This is a journey through time and space by bicycle, around the rugged, ragged streets of East Manchester.
Undertaken on Sunday September 2nd 2018.
This is type travel – the search for words and their meanings in an ever changing world.
The Star Inn – former Wilsons pub
Devonshire Street North
Former Ardwick Cemetery
Great Universal Stores former mail order giant
The River Inn abandoned pub
All Souls Church – listed yet unloved
Pollard Street East
The Bank Of England abandoned pub
Ancoats Works former engineering company
The Lunchbox Café Holt Town
Upper Helena Street
The last remnants of industrial activity
The little that remains of Raffles Mill
Old Mill Street
Ancoats Dispensary loved listed and still awaiting resuscitation
New life New Islington
Former industrial powerhouse currently contemporary living space
King George VI and Queen Elizabeth passed by in 1942
Former School the stone plaque applied to a newer building
The last of the few Blossom Motors
Former fruit merchants – refurbished and home to the SLG creative agency
Marshall Street and Goulden Street area
The last remnants of the rag trade
All that’s left of Alexandra Place
Entrance to the former Goods Yard
Back St Georges Road
Where once the CWS loomed large
Ragged but right
A welwyd eisoes.
I’ve been here before, as have others before me.
The town of Llandudno developed from Stone Age, Bronze Age and Iron Age settlements over many hundreds of years on the slopes of the limestone headland, known to seafarers as the Great Orme and to landsmen as the Creuddyn Peninsula.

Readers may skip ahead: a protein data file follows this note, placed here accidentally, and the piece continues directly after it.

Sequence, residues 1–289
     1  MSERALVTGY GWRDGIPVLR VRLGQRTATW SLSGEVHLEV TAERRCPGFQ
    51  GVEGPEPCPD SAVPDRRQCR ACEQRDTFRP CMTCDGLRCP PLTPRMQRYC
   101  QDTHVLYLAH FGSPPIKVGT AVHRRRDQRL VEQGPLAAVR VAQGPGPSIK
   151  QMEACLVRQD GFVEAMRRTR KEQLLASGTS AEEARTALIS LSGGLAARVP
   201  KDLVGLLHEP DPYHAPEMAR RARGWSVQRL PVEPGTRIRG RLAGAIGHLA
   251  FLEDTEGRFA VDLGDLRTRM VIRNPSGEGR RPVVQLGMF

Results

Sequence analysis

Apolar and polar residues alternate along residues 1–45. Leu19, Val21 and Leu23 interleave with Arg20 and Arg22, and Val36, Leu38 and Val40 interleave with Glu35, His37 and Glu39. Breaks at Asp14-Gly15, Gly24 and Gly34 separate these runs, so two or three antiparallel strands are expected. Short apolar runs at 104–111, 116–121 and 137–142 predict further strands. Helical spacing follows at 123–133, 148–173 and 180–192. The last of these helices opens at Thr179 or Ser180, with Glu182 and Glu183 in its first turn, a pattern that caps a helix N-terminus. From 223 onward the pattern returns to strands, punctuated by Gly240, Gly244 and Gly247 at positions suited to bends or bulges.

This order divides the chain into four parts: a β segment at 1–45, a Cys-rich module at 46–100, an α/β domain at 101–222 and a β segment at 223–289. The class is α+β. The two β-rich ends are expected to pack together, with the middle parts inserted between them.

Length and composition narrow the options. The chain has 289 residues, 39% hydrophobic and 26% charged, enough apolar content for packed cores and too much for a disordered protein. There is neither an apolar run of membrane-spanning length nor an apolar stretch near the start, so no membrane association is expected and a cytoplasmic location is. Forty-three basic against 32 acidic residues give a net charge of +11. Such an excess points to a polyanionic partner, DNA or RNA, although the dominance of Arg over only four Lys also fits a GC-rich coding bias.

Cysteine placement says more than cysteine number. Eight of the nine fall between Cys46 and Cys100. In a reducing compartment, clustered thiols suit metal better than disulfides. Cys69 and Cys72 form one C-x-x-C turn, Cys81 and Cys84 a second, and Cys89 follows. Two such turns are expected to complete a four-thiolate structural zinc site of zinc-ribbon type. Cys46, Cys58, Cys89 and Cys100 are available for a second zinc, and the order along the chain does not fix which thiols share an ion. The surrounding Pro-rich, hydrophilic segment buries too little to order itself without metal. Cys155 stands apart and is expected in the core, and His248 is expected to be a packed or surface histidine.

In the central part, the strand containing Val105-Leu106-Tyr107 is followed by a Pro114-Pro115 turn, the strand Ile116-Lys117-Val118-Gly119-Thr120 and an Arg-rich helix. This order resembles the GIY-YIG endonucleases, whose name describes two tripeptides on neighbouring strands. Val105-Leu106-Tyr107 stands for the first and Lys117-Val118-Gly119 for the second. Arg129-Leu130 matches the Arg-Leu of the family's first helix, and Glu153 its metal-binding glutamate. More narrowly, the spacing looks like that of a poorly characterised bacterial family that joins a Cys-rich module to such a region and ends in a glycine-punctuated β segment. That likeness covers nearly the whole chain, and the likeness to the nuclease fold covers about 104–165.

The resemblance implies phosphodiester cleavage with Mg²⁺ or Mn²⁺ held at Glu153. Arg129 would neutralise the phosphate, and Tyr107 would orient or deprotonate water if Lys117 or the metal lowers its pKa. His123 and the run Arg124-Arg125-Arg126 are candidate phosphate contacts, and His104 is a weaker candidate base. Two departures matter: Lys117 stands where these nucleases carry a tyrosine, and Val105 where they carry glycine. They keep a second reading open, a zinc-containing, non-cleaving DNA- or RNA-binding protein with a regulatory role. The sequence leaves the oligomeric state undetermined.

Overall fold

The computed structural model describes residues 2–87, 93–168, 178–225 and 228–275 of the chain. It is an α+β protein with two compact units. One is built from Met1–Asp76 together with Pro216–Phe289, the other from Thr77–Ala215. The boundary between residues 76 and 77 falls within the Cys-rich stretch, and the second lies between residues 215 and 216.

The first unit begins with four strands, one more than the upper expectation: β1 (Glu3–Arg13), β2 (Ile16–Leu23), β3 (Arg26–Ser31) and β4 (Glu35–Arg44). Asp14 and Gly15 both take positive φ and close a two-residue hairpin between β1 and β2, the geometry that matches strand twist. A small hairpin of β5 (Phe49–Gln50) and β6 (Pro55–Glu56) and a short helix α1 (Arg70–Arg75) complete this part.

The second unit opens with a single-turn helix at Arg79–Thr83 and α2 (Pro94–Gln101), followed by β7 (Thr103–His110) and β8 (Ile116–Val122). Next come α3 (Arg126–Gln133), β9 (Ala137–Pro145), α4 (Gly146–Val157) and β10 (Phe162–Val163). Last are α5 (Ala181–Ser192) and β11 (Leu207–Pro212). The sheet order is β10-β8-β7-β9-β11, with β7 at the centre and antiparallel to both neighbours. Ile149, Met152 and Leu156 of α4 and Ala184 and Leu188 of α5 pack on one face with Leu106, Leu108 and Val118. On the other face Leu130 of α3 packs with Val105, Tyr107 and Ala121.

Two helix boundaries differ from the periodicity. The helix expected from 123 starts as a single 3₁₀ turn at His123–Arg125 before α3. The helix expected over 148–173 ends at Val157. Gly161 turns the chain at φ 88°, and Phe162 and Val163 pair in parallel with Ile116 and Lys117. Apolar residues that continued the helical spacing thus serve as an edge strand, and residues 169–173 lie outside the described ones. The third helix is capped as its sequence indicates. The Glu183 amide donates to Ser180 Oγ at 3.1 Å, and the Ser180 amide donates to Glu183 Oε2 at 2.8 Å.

Some years later.
In 1848, Owen Williams, an architect and surveyor from Liverpool, presented landowner Lord Mostyn with plans to develop the marshlands behind Llandudno Bay as a holiday resort. These were enthusiastically pursued by Lord Mostyn. The influence of the Mostyn Estate and its agents over the years was paramount in the development of Llandudno, especially after the appointment of George Felton as surveyor and architect in 1857.
The edge of the bay is marked by concrete steps and a broad promenade, edging a pebbled beach which arcs from Orme to Orme.
Walk with me now and mark the remarkable shelters, paddling pools and bandstand screens, along with the smattering of people that people the promenade.
Expecting to fly?
Well not really, the first time I ever visited Ringway was by bike, aged eleven cycling from Ashton-under-Lyne along leafy Cheshire lanes for what seemed like an age. A gang of Lancashire brigands arriving in the departure lounge, with bike pumps and duffle bags.
In the Sixties, when flying was infrequent, the airport was seen as sleek, new, glamorous and exciting – quiet literally at the cutting edge of the Jet Age.
You were or are there, destination somewhere else, far more exotic than suburban Wilmslow.
Manchester Ringway Airport started construction on 28th November 1935 and opened partly in June 1937 and completely on 25th June 1938, in Ringway parish north of Wilmslow. In World War II, it was the location of RAF Ringway, and was important in the production and repair of military aircraft and training parachutists.
After World War II, it gradually expanded to its present size, including massive expansion of aprons, runways and car parking areas. Among the first expansions was car parking and service buildings north of Yewtree Lane.
From 1958 to late 1962, Terminal One was built: this was the first of the airport’s modern large terminals and the first major public building north of Yewtree Lane.
You were or are there, so why not tell the world – with a postcard.
Wish you were here?
Let’s go there now, back in time, through the most magical Manchester Image Archive.